Pittsburgh Institute for Nonprofit Journalism turns two years old

By Brittany Hailer

I started considering that PINJ was turning two in the wee hours of a maternity leave morning, and realized that my co-founder, Jody DiPerna, and I are not the best at patting ourselves on the back. But, I want to acknowledge the hard work of establishing and developing this young newsroom as well as your generous support that got us here.

PINJ has investigated and reported stories that have been recognized both nationally and regionally: the uncounted deaths and lack of accountability of prisoners who died following their incarceration in the Allegheny County Jail. 

This series of stories won Best Investigation in Division 3 at the Western Pennsylvania Press Club in the 59th Golden Quills Awards, Best Investigation for Small Division in the national 2022 Nonprofit News Awards, and Honorable Mention for Division 1 Best Investigation in the statewide awards by the Pennsylvania NewsMedia Association. We are honored and grateful for the recognition. 

Allegheny v Hailer, our public records request turned court case, is our effort to make autopsies public in Allegheny county and beyond. In December 2020, I filed the request with the Allegheny County Medical Examiner’s office under Pennsylvania’s Right to Know Law. I sought the autopsy and toxicology report for Daniel Pastorek, an incarcerated person who died at the county jail in November 2020. 

After a series of appeals, that request awaits a decision from the Commonwealth Court. We are being represented by Paula Knudsen Burke and the Reporters Committee for Freedom of the Press. You can hear more about our case on both WESA’s The Confluence and City Cast Pittsburgh.

Recently, PINJ and Penn Live were funded by the Pulitzer Center to create a database which will track jail deaths in all 67 counties in Pennsylvania. A project that Penn Live’s Joshua Vaughn will partner with us to produce. 

In the past year, we broke other stories that had a direct impact, including PINJ’s investigation into a doctor contracted with the Allegheny County Jail who lost his medical license in several states. The doctor was fired from Allegheny Health Network minutes after our publication.

PINJ partnered with Spotlight PA and justice reporter Danielle Ohl in a months-long investigation into the Pennsylvania criminal competency system which traps people with serious mental illness behind bars. That collaboration was made possible by the Pittsburgh Media Partnership

Since our founding, PINJ has also expanded its community events and outreach, thanks to the incomparable Jody DiPerna. (Seriously, none of this would have been possible without her.) In addition to her ongoing coverage of regional books and writers, she has worked to create a platform for these necessary voices. 

DiPerna’s dedication to uplifting voices from Pittsburgh, Western Pennsylvania and Northern Appalachia has turned into a research project about Appalachian literature and how writers and readers are transforming the region. Her book is under contract with WVU Press. 

She has also built bridges to create space for Pittsburghers to come together to share and discuss books and films of interest to us. With the showing of Sylvia Ryerson’s film, “Calls from Home,” and our roundtable discussion afterwards, we partnered with City of Asylum to bring the film and the discussion to both live and virtual audiences. We’ve recently partnered with the Battle of Homestead Foundation to show the film “Mighty Harlan County,” a brilliant documentary about labor struggles in the coalfields of central Appalachia and have a robust discussion with filmmaker, Jared Hamilton.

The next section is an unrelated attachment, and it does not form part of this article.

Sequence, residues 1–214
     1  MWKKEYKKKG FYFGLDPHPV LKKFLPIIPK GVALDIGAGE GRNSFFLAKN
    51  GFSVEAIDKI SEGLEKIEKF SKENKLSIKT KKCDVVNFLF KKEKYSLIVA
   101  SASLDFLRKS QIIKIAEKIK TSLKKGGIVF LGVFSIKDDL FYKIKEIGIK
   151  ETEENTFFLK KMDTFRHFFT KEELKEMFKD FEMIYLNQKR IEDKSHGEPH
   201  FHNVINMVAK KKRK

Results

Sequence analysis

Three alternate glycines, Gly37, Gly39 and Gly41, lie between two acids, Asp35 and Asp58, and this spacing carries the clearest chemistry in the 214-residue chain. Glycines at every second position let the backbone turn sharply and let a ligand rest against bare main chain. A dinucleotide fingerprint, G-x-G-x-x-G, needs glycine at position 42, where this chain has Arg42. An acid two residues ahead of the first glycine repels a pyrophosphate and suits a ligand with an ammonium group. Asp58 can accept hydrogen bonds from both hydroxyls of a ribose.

PINJ has formed partnerships with Belt Magazine and Pittsburgh Independent. We are working on stories that we can better tell together, pooling resources to serve Pittsburgh and the broader region. 

This is just the beginning of what we hope will be more community-driven, community-engaging events which will help us talk about the place we live, where it is now and where we want it to go. 

Our internship program continues to grow. The University of Pittsburgh English Department has funded an internship position for the summer at PINJ. Senior Ebonee Rice-Nguyen, will be joining us to work on our jail deaths project. Additionally, through the continued generosity and support of the Pittsburgh Media Partnership, we will also be joined this summer by Slippery Rock University senior Matthew Glover. Last year’s intern through the PMP, Point Park University senior Jake Dabkowski, completed an excellent investigation into the Allegheny County Jail’s kitchen healthcode violations. 

PINJ has been made possible by funding from The Grable Foundation, The Google News Equity Fund, The Pittsburgh Media Partnership, The Pulitzer Center, and by donations from our readers. When we look back at what has been made possible as a result of this generosity, we are humbled. Pittsburgh wants and needs good, thorough, and independent news. We are committed to contributing to the media ecosystem through both collaboration, mentorship, and good-old fashioned digging.

In year three, we will keep doing what we do well, but we also have a few ideas for expanding our coverage in ways that will further serve this community. 

Please consider donating to us so that we can continue our mission to fill in news gaps and bring communities together in our region.

Thank you, Pittsburgh! 

Brittany Hailer

Director of the Pittsburgh Institute for Nonprofit Journalism